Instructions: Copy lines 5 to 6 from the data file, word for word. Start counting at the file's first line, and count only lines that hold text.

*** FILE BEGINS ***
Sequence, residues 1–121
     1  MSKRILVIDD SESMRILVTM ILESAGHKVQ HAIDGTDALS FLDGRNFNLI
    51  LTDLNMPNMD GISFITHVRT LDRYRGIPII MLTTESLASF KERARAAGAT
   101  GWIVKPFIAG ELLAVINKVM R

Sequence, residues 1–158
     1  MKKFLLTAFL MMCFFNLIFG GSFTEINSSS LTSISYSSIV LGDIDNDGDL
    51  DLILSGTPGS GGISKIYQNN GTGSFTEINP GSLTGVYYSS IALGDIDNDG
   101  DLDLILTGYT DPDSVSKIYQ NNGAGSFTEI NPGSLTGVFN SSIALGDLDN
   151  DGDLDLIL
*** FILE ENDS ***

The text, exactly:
Sequence, residues 1–158
     1  MKKFLLTAFL MMCFFNLIFG GSFTEINSSS LTSISYSSIV LGDIDNDGDL